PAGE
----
You clench your fists so tightly that your fingernails bruise the soft centre of your palms as you shout AMEN!
“Yes, with God all things are possible,” the immaculately dressed man on the podium says. “But watch out: The devil is a liar. He will seek to sow doubts in your mind and rob you of your deliverance. Resist him! Just believe and receive your healing: Cancer, I cast you out! Barrenness, I banish you! Deafness, I decimate you! HIV, I unhinge you...”
The AMEN you scream as HIV is unhinged is so forceful that your throat burns. You gasp afterwards and fill your lungs with air charged with hope and desperation.
You open your eyes and look: the born-blind is blinking and reading from posters that adorn the arena; the diabetic is dancing and rejoicing before the cheering crowd, the lame is laying aside rusty crutches to walk with hyena-gait before the white banner proclaiming deliverance from all yokes of the devil: poverty, AIDS, HIV, stroke, drug addiction, alcoholism, and a host of other such afflictions.
A feeling of lightness grips you and your body tingles. This could only have one meaning: you too have been delivered!
But don’t you need a test to confirm this?
You are quick to recognise the enemy’s attempt to sow doubts in your mind and rob you of your deliverance. “The devil is a liar,” you mutter, and jump up to proclaim your healing.
Your feet glide over the road as you make your way to the Lagos Bus Station, smiling through the early harmattan fog. You sit between two passengers whose bodies poke and press upon you like a vice. Had you not abandoned your old ways, you would have cursed and sworn that they had half-eaten chicken bones hidden away in their side pockets. You smile at them instead and call out, “Let us pray,” before the bus begins the twelve-hour journey back to your home.
Your wife opens the door and runs into your arms. You bury your face in her hair, revelling in her familiar smells. You move your hand to her tummy.
“It’s not yet visible,” she says with a chuckle, and assures you that your first child is growing well.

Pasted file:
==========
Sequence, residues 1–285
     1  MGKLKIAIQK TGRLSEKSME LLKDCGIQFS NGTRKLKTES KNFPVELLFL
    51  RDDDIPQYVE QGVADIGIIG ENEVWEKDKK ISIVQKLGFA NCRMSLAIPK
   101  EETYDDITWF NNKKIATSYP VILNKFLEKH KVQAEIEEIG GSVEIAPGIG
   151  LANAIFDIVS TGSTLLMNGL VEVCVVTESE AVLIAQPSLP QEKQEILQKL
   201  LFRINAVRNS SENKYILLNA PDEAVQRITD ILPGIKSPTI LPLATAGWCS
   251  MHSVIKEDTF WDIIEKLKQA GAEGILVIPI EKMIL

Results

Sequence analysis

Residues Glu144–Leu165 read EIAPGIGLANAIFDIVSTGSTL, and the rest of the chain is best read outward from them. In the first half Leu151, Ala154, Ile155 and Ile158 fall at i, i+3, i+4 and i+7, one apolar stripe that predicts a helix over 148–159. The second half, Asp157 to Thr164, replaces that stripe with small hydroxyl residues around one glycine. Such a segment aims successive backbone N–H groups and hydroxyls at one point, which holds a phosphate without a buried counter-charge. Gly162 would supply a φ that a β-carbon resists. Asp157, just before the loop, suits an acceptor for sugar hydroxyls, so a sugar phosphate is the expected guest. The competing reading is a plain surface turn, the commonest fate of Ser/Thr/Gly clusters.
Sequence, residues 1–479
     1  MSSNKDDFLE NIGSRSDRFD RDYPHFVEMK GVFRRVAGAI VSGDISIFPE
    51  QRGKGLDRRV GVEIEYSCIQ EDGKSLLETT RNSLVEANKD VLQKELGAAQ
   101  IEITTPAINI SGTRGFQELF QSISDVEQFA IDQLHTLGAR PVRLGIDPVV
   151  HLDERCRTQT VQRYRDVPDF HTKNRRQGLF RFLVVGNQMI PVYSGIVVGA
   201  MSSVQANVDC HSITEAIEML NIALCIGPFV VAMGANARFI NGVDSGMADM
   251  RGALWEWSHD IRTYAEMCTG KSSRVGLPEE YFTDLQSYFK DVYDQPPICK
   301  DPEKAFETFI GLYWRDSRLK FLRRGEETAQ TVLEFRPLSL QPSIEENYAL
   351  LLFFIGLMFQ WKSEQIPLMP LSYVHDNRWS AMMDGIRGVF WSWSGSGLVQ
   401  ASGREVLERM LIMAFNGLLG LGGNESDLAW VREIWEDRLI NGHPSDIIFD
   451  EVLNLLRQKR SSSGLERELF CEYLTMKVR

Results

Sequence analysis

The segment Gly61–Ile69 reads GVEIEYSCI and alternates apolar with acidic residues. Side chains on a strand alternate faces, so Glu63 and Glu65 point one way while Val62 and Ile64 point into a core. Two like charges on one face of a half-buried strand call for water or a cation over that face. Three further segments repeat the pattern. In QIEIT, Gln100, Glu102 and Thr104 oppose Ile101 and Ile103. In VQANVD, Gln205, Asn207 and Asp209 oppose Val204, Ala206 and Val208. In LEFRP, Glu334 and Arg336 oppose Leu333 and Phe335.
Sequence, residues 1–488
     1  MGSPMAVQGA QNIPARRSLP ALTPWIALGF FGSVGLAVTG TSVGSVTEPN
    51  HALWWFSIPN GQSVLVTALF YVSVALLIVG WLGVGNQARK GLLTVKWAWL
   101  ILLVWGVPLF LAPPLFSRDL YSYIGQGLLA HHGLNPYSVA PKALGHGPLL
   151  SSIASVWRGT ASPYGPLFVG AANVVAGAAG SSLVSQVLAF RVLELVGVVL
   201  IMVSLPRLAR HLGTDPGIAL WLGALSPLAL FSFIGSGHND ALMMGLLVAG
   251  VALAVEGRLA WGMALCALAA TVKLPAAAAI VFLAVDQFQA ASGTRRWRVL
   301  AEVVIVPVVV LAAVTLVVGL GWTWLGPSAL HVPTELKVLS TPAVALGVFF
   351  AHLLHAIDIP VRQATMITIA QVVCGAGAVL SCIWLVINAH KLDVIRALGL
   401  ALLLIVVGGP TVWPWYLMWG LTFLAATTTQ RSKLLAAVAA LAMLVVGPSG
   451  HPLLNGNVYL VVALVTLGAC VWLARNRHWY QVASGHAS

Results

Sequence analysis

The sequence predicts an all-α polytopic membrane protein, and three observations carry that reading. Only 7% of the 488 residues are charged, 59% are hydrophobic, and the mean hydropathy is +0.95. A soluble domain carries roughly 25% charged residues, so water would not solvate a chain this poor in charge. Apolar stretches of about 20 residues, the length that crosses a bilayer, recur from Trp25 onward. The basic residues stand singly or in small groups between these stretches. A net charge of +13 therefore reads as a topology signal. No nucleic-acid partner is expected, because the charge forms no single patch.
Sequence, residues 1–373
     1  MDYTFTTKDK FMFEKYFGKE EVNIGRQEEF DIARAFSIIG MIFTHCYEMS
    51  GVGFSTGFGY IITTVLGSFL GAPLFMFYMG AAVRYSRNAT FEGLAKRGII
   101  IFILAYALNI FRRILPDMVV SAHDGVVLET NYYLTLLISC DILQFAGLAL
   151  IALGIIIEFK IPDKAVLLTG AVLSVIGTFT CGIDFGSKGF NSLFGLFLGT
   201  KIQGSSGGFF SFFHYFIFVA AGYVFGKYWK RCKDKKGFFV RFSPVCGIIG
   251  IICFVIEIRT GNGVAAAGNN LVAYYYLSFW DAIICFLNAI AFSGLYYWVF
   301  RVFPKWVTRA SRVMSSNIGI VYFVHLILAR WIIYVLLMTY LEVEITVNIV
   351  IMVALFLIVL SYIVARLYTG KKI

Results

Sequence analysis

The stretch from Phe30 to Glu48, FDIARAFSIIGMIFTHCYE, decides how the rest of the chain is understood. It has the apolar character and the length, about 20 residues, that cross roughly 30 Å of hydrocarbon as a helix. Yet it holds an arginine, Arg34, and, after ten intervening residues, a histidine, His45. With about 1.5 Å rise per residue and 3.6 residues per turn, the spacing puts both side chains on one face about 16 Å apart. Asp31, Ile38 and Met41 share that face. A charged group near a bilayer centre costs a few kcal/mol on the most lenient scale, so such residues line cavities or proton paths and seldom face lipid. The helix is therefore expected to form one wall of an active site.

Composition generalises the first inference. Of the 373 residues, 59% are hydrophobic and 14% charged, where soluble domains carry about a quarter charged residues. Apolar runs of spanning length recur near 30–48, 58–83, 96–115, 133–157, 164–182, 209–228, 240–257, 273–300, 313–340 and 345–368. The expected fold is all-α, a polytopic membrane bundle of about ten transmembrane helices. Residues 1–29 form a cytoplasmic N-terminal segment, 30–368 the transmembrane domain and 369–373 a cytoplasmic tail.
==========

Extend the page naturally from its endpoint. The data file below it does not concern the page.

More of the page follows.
She serves your favourite food, white rice with chicken stew, and sits opposite you, full of questions about your fourteen-week border patrol posting. You know she is staring with surprise as you close your eyes to bless the food. In between mouthfuls, you tell her how much you missed her but do not mention how you touched yourself during the long nights while dreaming about her shapely hips; you tell her about the drinking parties but do not mention how you had ended up in the arms of a prostitute after one such party, or how she died a few weeks later from the dreaded big disease with a little name. All that is in the past and you are now a new creature.
Finally you tell her about the crusade but not what had driven you there, and you invite her to share in your new life.
Dutifully, she agrees; anything to please you. She turns up the light of the kerosene lamp and notices you have lost weight. You tell her you have been fasting for the crusade but do not mention that, before that, you had been in an involuntary fast, induced by your test results.
You spread out on your bed after dinner. Your body trembles with longing as you listen to the splash of her bathing. She joins you in bed, clad only in a wrapper which she casts off as she falls into your arms.
“The devil is a liar,” you mutter, as your bodies become one.
© Kachi A. Ozumba, 2008
The Devil's Lies by Kachi A. Ozumba was read by Steve Wedd at the Liars' League Saints & Sinners event on 8 July 2008